To check out a good read, hit the movies

Commentary

September 23, 2005|By Michael Sragow

Fall is when mainstream producers and directors, like high school and college kids, head back from the beach and prove that they can crack open the books. This is when they unleash the heavyweight projects designed to lure shell-shocked adults back to the theaters and -- who knows? -- maybe win over part of the dating crowd that might recognize an author from an English class.

You can empty a small library by checking out the sources of this season's prestige releases. Just for starters there's Oliver Twist and Pride and Prejudice, David Auburn's Pulitzer Prize-winning play Proof, Truman Capote's In Cold Blood and Gerald Clarke's biography Capote, Steve Martin's Shopgirl, Jonathan Safran Foer's Everything Is Illuminated and Robert Penn Warren's All the King's Men.

Next week's shoreline thriller, Into the Blue, starring Jessica Alba in a bikini, is the exception that proves the rule. Sony originally scheduled an August opening, moved it up to July, then finally cleared a landing spot on Sept. 30. In the summer, it would have been one more hot-weather entertainment. Coming out at the end of September, it's counter-programming.

Ambitious or unusual movies of all kinds rolling out during the school year stand a better chance at the box office and in end-of-year awards than those released in June, July or August. George Lucas wanted to open Star Wars before summer vacation precisely to exploit classroom word-of-mouth. Joss Whedon (Buffy the Vampire Slayer) wants to do the same thing -- heat up campus conversation when Serenity, the movie of his cult sci-fi TV Western, Firefly, opens Sept. 30. (Lovers of Cinderella Man contend that Ron Howard's boxing movie would have performed better in the fall; word of its heavy-handed melodrama and sentimentality might have killed it quicker.)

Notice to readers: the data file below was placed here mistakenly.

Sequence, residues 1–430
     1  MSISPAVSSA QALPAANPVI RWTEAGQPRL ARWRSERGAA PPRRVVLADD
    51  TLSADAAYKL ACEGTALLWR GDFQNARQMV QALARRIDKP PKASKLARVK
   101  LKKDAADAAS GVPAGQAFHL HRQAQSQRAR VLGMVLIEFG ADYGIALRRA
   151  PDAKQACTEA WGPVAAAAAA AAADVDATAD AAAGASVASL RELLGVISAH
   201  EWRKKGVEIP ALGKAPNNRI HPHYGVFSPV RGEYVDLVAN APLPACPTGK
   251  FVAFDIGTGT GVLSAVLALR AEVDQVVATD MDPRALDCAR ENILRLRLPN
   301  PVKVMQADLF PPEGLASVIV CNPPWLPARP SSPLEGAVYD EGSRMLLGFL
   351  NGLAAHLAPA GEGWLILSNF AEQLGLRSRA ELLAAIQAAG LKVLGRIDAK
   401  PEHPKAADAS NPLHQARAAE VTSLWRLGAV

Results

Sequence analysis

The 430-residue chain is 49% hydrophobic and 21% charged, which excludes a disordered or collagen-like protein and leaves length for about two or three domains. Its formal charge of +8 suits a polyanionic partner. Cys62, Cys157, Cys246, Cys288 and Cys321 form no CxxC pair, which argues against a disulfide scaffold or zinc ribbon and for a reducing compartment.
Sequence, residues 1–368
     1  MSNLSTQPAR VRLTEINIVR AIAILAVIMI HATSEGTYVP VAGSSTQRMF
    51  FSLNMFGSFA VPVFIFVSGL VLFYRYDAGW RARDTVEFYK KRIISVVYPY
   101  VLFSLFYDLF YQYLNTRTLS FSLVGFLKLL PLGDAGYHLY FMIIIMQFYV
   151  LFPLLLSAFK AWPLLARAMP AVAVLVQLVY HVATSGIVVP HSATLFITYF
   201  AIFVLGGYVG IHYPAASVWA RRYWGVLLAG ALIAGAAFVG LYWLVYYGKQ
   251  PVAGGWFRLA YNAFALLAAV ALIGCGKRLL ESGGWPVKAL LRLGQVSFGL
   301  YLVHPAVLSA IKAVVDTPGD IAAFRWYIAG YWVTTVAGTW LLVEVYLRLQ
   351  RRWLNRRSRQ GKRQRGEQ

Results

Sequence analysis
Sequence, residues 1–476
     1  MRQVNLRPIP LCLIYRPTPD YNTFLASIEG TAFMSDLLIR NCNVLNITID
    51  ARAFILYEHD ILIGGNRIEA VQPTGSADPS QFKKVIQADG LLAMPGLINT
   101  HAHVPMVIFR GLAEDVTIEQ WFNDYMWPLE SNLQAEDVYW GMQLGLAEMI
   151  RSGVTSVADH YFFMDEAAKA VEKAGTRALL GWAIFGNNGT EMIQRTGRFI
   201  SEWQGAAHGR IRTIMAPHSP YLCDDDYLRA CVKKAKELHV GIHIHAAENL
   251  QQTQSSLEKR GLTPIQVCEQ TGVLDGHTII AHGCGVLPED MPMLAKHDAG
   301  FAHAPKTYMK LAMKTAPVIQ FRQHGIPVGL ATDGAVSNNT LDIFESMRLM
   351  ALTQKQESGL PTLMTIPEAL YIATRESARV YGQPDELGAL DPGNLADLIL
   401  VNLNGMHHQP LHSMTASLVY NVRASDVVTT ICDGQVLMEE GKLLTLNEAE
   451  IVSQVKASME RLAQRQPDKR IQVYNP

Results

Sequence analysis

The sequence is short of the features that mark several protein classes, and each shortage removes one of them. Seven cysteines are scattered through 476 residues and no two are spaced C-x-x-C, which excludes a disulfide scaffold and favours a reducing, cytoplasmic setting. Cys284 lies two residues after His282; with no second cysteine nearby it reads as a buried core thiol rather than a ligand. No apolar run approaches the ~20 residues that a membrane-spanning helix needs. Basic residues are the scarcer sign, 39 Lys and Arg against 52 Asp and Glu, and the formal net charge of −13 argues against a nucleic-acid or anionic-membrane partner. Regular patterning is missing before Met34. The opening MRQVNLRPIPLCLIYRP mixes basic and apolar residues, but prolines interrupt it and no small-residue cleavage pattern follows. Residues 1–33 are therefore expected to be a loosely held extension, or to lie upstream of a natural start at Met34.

Cartoons as well as live-action features often get more personal and quirky this time of year. Rather than cute computer-animated animals we find sardonic humans, skeletons and animals: Tim Burton's Corpse Bride this weekend and Wallace and Gromit: Curse of the Were-Rabbit on Oct. 7. (Howl's Moving Castle would have done better with an autumn showcase.)

Still, the content of live-action films will get the most sizable upgrade -- often thanks to the novels or plays that preceded their scripts.

Movie critics like to sneer "Masterpiece Theatre!" as a putdown whenever a filmmaker gets a costume picture on the screen. It's become a hilariously wrongheaded piece of hipster snobbery. For one thing, no adaptation of Austen has matched Masterpiece Theatre's 1980 Pride and Prejudice, written by Fay Weldon -- certainly not the later A&E bodice-buster starring Colin Firth. More important, the perspective of a story that isn't ripped from the headlines can often move audiences to express their deepest hopes and fears. The classic example came when audiences of all kinds, at the tail end of the Depression, identified with the survival instincts of a Southern belle named Scarlett O'Hara in Gone With the Wind.

And a period tale can free a filmmaker to be more audacious and subversive than in a journalistic film. No one in the Clinton years made a stronger statement against a hypocritical public morality than Philip Kaufman did in his movie version of Doug Wright's play about the Marquis de Sade, Quills.

Of course, not all this season's literary movies will have that sort of stylish, intelligent detachment. It would be hard to get more heated and pertinent than Jarhead, based on Anthony Swofford's recounting of his Marine Corps service during the gulf war. Unless it's All the King's Men, which is, after all, about political corruption in Louisiana.

The celebrated critic Pauline Kael liked to say that just about any movie one remembers with pleasure is apt to have been taken from a book. Think of The Maltese Falcon or The Godfather or Jaws. The biggest examples of crowd- and critic-pleasing escapism in recent years started out on the printed page: J.R.R. Tolkien's The Lord of the Rings and J.K. Rowling's Harry Potter series and Stan Lee's and Steve Ditko's Spider-Man. Next up: C.S. Lewis' The Chronicles of Narnia: The Lion, the Witch and the Wardrobe.

But even when movies based on books remain bookish -- more dependent on language and on a certain narrative design than on images, action or drama -- they're also likely to have a stronger flavor of experience and intensity of feeling than pictures cooked up in studio story conferences. I haven't even mentioned Curtis Hanson's attempt to master chick lit with In Her Shoes (which opens Oct. 7) starring Toni Collette and Cameron Diaz, or Ang Lee's gay cowboy love story from E. Annie Proulx's short story, Brokeback Mountain, or Rob (Chicago) Marshall's transformation of Arthur Golden's Memoirs of a Geisha, starring Ziyi Zhang.

All in all, it's a cornucopia of adult fare. If this horn of plenty is bound to contain a few dry gourds, it's also sure to provide something to chew on.

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